Text of The Theory of Composition in Street Photography: 7 Lessons from Henri Cartier-Bresson
The Theory of Composition in Street Photography
7 Lessons from Henri Cartier-‐Bresson
1. Organize reality
• “To take photographs means to recognize– simultaneously and within a fraction of a second– both the fact itself and the rigorous organization of visually perceived forms that give it meaning.” -‐ Henri Cartier-‐Bresson
• “If a photograph is to communicate its subject in all its intensity, the relationship of form must be rigorously established. Photography implies the recognition of a rhythm in the world of real things. What the eye does is to find and focus on the particular subject within the mass of reality; what the camera does is simply to register upon film the decision made by the eye.” -‐ Henri Cartier-‐Bresson
6Henri Cartier Bresson / GREECE. Cyclades. Island of Siphnos. 1961.
Henri Carier-‐Bresson : G.B. 1937. England. London. Hyde Park in the grey drizzle.
3. Focus on “slight modifications”
• “The photographer’s eye is perpetually evaluating. A photographer can bring coincidence of line simply by moving his head a fraction of a millimeter. He can modify perspectives by a slight bending of the knees. By placing the camera closer to or farther from the subject, he draws a detail– and it can be subordinated, or he can be tyrannized by it. But he composes a picture in very nearly the same amount of time it takes to click the shutter, at the speed of a reflex action.” -‐ Henri Cartier-‐Bresson 11
Henri Cartier-‐Bresson FRANCE. 1932. Marseille. The Allée du Prado.
4. Trace your photos after
• “Later, to substantiate this, you can take a print of this picture, trace it on the geometric figures which come up under analysis, and you’ll observe that, if the shutter was released at the decisive moment, you have instinctively fixed a geometric pattern without which the photograph would have been both formless and lifeless.” -‐ Henri Cartier-‐Bresson
The “Golden Triangle”
Henri Cartier-‐Bresson: ROMANIA. 1975. In a train.
Henri Cartier-‐Bresson : 1967. Martine's Legs.
5. Follow your intuition
• “Composition must be one of our constant preoccupations, but at the moment of shooting it can stem only from our intuition, for we are out to capture the fugitive moment, and all the interrelationships involved are on the move.” -‐ Henri Cartier-‐Bresson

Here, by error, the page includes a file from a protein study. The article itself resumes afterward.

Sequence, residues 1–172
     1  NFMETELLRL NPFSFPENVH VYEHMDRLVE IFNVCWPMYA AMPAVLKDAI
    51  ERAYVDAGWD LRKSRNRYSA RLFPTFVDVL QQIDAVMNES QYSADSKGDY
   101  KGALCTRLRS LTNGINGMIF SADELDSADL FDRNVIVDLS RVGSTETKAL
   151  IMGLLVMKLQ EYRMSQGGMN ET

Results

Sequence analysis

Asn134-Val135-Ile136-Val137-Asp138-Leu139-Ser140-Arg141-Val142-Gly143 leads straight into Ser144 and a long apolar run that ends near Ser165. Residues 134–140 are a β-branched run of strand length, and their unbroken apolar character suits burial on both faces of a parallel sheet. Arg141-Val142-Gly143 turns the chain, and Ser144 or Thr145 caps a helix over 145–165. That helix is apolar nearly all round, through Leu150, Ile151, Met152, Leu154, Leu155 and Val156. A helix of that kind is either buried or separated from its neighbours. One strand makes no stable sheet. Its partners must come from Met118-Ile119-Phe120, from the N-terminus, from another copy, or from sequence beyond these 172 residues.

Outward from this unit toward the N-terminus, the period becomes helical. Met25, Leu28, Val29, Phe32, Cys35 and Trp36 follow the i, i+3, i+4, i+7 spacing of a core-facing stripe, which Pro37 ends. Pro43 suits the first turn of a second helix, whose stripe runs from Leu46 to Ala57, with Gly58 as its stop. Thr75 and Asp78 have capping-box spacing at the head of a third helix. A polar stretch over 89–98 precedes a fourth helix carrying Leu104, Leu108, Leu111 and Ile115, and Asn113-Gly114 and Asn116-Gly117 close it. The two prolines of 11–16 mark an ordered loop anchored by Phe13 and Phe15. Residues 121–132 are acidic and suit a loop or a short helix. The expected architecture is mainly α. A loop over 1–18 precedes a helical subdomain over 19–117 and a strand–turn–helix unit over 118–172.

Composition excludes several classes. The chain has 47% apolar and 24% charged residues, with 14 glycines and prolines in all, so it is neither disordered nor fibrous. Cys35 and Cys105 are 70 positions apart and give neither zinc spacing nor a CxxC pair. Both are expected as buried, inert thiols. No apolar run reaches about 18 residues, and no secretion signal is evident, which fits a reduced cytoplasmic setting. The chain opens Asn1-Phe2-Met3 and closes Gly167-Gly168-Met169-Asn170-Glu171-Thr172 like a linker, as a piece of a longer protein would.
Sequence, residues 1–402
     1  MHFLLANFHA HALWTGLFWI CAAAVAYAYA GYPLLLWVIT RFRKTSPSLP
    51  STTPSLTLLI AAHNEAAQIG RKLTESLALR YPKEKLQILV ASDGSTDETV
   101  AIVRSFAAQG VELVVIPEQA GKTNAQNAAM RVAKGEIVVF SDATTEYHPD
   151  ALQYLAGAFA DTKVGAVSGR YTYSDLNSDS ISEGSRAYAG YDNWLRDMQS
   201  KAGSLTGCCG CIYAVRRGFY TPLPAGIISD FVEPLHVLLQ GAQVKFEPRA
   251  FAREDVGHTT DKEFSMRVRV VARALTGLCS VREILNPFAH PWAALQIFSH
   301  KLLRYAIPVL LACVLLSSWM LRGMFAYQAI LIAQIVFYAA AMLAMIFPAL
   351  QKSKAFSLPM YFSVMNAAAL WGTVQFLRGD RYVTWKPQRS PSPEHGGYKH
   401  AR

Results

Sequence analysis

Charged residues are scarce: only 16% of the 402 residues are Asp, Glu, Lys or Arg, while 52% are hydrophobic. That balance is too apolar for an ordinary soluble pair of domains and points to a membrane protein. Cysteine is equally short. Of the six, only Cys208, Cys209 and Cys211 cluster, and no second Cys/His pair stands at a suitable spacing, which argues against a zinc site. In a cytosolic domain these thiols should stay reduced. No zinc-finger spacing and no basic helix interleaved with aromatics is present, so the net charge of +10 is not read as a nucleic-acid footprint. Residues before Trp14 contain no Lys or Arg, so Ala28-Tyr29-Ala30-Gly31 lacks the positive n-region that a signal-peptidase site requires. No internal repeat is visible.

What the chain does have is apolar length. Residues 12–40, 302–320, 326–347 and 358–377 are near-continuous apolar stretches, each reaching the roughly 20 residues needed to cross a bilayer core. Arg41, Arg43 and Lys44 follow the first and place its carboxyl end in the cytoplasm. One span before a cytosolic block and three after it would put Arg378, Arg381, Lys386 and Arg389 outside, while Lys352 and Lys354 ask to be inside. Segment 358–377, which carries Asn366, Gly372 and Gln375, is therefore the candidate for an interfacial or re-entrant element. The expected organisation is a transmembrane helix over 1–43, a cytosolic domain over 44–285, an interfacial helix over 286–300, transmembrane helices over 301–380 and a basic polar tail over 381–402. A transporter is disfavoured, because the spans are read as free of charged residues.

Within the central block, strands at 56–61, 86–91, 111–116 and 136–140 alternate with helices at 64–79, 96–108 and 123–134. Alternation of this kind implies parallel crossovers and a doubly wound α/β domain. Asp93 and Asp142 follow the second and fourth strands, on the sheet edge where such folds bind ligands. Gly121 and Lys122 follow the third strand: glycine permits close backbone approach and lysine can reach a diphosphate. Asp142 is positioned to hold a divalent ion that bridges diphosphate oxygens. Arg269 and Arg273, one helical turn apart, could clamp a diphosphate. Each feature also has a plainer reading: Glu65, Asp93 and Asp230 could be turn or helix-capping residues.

25Henri Cartier Bresson / SPAIN. Madrid. 1933.
26Henri Cartier Bresson / JAPAN, Tokyo 1965
6. Analyze your photos afterwards
• “In applying the Golden Rule, the only pair of compasses at the photographer’s disposal is his own pair of eyes. Any geometrical analysis, any reducing of the picture to a schema, can be done only (because of its very nature) after the photograph has been taken, developed, and printed– and then it can be used only for a post-‐mortem examination of the picture. I hope we will never see the day when photo shops sell little schema grills to clamp onto our viewfinders; and the Golden Rule will never be found etched on our ground glass.” -‐ Henri Cartier-‐Bresson
Fibonacci Spiral + Golden Triangle
7. Don’t crop• “If you start cutting or cropping a good photograph, it means death to the geometrically correct interplay of proportions. Besides, it very rarely happens that a photograph which was feebly composed can be saved by reconstruction of its composition under the darkroom’s enlarger; the integrity of vision is no longer there. There is a lot of talk about camera angles; but the only valid angles in existence are the angles of the geometry of composition and not the ones fabricated by the photographer who falls flat on his stomach or performs other antics to procure his effects.” -‐ Henri Cartier-‐Bresson 37